A reason to live.

It’s all Sir Dagonet wants. He’s been alive for over a thousand years, and there is no end in sight thanks to a “gift” from the great wizard Merlin. But now, after an invitation to the home of the high priestess of the Vallen, he might very well be given the most priceless gift.

A life with reason…

Kate Cherrington is trapped at her aunt’s home with no way out and no future to look forward to—until a knight with an incredible secret comes to visit. Now there is hope for Kate. The possibility of a way forward, of a life of her own.

Bridging the gap between what is and what could be might be within their sights, but first, they’ve got to get past her aunt who wants to stop them and who has the power to do so.

Dagonet leaned out over the railing of the bridge to watch the river lazily flow under him. He was in such trouble. 

After avoiding it for nearly two hundred years, he was well on his way to getting caught once again in the hairiest of traps—love. 

In his mind’s eye, Kate’s vibrant blue eyes had replaced his last wife, Margaret’s intelligent green ones. His fingers longed to run through Kate’s lovely, mahogany curls instead of Margaret’s thick, blond tresses. Kate’s generous curves made the blood pound through his veins just as Margaret’s slender, gentler curves had. 

A heavy sigh escaped his lips. He would never forget Margaret. Could never replace his lost love. But now… he nearly groaned in frustration. Now it was Kate who stole all of his waking thoughts just as Margaret had so many years ago. 

Margaret with whom he’d spent the most wonderful lifetime. They’d lived happily in their simpler time. Children had brought them joy and then grandchildren followed. Before the great–grandchildren could come, Margaret had left him, passing on to that better place which eluded Dagonet even now. Oh, how he’d longed to follow her and die peacefully, spending eternity with her in the afterlife.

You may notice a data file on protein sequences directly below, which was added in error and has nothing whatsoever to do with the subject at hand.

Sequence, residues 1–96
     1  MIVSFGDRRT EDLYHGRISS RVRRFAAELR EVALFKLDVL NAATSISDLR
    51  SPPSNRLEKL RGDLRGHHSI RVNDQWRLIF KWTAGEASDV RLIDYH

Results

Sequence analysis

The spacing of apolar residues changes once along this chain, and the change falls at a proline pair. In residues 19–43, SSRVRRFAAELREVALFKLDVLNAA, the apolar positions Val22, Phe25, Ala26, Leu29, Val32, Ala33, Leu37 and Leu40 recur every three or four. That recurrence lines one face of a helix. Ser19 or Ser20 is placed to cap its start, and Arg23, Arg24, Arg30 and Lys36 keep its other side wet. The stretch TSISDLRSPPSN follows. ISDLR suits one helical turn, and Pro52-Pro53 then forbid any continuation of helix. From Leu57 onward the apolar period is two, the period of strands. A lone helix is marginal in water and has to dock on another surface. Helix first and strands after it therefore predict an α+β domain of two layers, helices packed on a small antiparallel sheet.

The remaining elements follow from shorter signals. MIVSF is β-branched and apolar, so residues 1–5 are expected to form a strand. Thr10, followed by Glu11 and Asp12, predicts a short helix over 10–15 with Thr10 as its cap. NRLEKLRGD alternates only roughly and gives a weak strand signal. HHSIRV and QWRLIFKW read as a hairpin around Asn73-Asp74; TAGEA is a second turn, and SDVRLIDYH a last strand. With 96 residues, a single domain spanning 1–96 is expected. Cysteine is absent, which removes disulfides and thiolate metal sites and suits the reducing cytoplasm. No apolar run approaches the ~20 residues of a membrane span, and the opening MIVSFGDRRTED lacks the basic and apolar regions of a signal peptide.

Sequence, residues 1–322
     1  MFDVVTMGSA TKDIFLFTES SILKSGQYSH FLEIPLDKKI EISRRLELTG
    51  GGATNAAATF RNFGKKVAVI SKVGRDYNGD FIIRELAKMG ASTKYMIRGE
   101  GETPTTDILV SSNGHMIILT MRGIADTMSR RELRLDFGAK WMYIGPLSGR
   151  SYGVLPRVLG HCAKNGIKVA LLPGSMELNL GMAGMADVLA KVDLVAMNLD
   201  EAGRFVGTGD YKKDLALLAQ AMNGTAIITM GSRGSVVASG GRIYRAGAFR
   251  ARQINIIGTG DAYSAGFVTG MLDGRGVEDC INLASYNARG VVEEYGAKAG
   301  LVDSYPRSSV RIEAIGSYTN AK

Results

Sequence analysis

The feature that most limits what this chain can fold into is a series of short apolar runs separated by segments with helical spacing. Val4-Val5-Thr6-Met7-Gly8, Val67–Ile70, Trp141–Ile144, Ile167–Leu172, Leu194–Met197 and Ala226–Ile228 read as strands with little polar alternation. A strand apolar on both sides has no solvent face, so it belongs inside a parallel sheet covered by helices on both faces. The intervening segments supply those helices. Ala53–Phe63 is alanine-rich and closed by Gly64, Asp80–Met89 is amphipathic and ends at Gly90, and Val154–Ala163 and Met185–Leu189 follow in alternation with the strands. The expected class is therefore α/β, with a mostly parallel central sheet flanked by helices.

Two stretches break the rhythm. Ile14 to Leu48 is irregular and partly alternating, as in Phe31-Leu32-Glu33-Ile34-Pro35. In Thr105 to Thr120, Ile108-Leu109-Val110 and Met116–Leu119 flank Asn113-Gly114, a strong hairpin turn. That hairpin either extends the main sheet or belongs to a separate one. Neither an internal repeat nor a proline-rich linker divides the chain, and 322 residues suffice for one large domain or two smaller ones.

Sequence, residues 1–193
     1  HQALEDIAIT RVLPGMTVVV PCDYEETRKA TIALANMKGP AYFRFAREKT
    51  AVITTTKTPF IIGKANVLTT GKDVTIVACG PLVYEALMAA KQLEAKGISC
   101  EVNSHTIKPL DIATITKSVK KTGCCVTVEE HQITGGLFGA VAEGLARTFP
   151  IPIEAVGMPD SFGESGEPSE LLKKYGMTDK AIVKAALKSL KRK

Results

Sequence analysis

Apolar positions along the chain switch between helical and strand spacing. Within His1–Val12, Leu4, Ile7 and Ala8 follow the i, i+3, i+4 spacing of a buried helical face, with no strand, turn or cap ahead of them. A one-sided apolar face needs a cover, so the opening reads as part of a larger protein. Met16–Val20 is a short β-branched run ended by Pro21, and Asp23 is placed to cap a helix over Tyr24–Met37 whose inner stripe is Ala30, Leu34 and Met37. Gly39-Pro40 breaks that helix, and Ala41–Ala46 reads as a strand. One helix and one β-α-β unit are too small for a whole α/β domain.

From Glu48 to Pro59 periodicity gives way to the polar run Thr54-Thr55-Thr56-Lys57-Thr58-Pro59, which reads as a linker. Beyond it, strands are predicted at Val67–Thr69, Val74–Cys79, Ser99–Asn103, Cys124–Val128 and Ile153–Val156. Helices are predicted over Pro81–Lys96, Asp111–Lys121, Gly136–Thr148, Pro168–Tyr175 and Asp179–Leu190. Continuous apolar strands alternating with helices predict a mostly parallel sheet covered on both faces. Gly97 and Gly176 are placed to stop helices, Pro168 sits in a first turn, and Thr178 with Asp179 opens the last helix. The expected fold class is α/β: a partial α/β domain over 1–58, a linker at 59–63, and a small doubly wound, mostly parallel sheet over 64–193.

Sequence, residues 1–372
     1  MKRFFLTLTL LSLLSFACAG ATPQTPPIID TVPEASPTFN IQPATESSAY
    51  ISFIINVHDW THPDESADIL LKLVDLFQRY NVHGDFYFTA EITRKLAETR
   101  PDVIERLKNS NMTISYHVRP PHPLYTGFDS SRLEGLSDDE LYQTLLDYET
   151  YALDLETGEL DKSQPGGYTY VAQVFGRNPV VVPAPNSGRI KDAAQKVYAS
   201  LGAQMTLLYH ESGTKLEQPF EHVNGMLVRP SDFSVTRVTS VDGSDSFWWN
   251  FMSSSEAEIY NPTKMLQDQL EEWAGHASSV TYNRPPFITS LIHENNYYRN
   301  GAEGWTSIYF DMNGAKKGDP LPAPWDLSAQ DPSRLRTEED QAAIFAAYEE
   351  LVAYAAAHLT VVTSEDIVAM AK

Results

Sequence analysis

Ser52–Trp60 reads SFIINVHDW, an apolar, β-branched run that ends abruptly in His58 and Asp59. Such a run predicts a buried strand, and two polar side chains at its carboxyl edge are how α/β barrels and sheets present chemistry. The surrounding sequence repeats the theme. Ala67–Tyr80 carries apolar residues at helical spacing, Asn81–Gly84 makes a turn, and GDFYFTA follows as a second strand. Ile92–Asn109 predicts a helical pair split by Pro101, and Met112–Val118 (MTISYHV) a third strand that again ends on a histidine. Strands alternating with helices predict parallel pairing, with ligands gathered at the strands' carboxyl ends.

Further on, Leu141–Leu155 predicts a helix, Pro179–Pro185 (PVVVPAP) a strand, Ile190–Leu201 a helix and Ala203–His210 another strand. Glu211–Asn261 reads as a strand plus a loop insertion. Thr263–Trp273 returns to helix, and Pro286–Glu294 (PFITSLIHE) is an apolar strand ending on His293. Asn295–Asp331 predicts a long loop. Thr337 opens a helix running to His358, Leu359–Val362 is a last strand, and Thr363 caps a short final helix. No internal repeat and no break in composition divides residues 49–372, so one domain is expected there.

But it wasn’t to be. 

No matter how hard he tried, he just could not die. 

That is why he had to avoid Kate, avoid becoming involved. He couldn’t take that… again. 

The first time with Eleanor was painful, but he’d gotten over it. The second time with Margaret sent him searching the world for a way out, a cure so that he could join her. A third time with Kate? No. He just couldn’t do it. He could not! 

He needed to leave. Now. Before his heart became any more involved. If he didn’t, he would only drown in a glow of happiness that would eventually lead to pain and suffering when Kate died and he did not. He had gone through this before. He could not do it again.

The pounding determination in his heart mimicked a pounding on the bridge as a dog thrumped by. But as soon as the dog passed, sweet laughter followed.

“Oh! Sir Arthur!” Kate’s voice was breathless with laughter. “I will never run as fast a dog,” she panted, coming to a stop just next to him. 

“Good afternoon, Miss Cherington,” Dagonet said, unable to stop the smile that threatened to take over his entire face. He turned to look down at the dog that had come back to rejoin its lost companion.